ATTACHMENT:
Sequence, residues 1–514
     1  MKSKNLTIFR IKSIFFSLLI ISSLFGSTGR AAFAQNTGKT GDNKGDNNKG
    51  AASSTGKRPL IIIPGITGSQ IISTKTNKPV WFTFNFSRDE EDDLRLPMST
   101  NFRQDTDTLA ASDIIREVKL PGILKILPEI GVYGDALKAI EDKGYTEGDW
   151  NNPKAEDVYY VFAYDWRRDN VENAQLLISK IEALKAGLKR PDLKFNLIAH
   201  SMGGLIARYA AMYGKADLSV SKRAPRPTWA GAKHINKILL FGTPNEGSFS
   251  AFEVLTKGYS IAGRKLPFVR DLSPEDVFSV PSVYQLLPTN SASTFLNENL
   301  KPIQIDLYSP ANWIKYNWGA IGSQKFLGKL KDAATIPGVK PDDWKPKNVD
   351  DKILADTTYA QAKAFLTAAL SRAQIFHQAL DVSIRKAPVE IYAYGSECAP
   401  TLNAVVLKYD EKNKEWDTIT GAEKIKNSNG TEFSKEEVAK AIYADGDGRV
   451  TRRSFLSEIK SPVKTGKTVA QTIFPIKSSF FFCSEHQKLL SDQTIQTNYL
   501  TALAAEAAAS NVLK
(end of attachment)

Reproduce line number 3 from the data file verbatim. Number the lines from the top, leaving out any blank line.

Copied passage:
    51  AASSTGKRPL IIIPGITGSQ IISTKTNKPV WFTFNFSRDE EDDLRLPMST